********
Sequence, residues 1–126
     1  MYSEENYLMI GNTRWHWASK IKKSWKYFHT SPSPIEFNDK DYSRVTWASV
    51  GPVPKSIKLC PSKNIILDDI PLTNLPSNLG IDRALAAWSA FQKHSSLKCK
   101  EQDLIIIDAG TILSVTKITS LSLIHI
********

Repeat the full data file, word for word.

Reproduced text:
Sequence, residues 1–126
     1  MYSEENYLMI GNTRWHWASK IKKSWKYFHT SPSPIEFNDK DYSRVTWASV
    51  GPVPKSIKLC PSKNIILDDI PLTNLPSNLG IDRALAAWSA FQKHSSLKCK
   101  EQDLIIIDAG TILSVTKITS LSLIHI